Dubstep gigs are becoming rarer in the city, but you can catch one tonight
Categorising different genres of music can sometimes be a headache, because the lines that divide them dissolve like aspirin added to water. This holds true even more so for laptop-generated 21st-century sounds, which can literally be produced at the click of a mouse, than for older forms like rock and punk.
Dubstep, for instance, was first categorised in the UK in 2006. It caught the fancy of the headbanging nightclub audience for a while. But then other genres with a similarly high BPM came into prominence and dubstep soon found itself crowded into a sonic school that can be generalised - for the sake of simplicity - as 'bass'.
This was not just a foreign phenomenon, though. Audiences in India, too, took to the genre in the late noughties, only to shift interest later to other bass-heavy sounds. "See, this generation likes aggressive music," says Mayur Narvekar of Bandish Projekt, one of the country's first purveyors of electronic music. "If they can dance to it, if they can express themselves with it, they will adapt to it. It doesn't have to be dubstep, it can be anything. Nowadays, it's become trap and glitch, and I have no idea of what other sub-genres of bass music we will have in the future," he adds.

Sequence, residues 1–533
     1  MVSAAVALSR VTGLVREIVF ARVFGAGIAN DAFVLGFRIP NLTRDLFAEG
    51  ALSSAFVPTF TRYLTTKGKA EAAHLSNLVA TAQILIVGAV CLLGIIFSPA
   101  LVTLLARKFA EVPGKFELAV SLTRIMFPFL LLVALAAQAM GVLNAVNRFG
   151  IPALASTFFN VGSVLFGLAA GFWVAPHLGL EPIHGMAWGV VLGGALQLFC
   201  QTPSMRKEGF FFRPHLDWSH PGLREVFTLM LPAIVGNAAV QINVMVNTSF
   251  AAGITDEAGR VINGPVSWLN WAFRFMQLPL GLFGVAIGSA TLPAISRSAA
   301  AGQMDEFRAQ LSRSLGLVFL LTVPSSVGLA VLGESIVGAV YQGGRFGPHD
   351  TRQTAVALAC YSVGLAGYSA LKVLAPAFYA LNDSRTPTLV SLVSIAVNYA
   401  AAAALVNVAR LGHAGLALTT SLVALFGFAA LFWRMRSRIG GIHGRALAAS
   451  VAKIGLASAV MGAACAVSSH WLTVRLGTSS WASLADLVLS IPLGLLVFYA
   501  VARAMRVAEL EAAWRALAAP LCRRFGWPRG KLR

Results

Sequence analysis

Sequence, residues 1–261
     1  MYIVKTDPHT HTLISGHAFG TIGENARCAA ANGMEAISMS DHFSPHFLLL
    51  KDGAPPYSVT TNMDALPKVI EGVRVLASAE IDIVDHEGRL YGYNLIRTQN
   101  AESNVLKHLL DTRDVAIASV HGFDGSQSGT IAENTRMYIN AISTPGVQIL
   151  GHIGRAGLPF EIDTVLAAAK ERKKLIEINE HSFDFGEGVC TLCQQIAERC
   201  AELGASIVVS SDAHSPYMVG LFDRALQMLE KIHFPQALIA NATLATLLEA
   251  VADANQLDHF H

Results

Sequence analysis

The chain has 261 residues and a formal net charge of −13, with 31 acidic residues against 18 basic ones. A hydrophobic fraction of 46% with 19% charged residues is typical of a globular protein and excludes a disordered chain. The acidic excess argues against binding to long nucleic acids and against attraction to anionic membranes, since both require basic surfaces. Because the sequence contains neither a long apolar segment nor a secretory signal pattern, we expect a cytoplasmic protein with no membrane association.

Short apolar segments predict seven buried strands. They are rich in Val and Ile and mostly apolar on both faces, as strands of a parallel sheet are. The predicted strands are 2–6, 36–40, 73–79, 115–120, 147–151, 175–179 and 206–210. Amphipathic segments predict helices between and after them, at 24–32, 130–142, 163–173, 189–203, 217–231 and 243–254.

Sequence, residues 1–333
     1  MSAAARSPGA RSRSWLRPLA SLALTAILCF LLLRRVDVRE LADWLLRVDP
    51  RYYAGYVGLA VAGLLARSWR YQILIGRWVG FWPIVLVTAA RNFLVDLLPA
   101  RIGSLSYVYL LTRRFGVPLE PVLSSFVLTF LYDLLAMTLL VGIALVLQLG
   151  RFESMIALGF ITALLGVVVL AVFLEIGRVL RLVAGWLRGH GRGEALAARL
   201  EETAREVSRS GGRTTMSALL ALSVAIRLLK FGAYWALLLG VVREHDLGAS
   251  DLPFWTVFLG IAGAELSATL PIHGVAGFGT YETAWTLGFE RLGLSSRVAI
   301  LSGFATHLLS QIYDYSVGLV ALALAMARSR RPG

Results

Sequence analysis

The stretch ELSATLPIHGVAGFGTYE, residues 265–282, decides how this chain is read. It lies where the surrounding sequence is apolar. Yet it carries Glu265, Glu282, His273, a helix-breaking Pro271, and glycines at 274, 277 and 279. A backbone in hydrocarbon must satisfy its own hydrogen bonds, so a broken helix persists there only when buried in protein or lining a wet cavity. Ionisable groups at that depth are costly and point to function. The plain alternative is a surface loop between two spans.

But dubstep itself hasn't yet faded into oblivion altogether. Artistes like DJ Sa, Mojojojo and Sound Avtar are keeping the flame alive. Tonight, for example, a Khar venue will host a gig that will have elements of the genre, according to its poster. It features a DJ from the UK, V.I.V.E.K, and Delhi Sultanate, a dub pioneer from the Capital.
Nonetheless, Vivek Dudlani, who programmes gigs at the venue, feels that dubstep's heydays are over. "It has definitely fallen down the pecking order. The same audience that used to listen to it has evolved more towards grime and footwork. So when we are curating our lists, we simply label these genres as 'bass' and try to have at least three such gigs a month," he adds.
On: Tonight, 9 pm onwards
At: AntiSocial, Khar West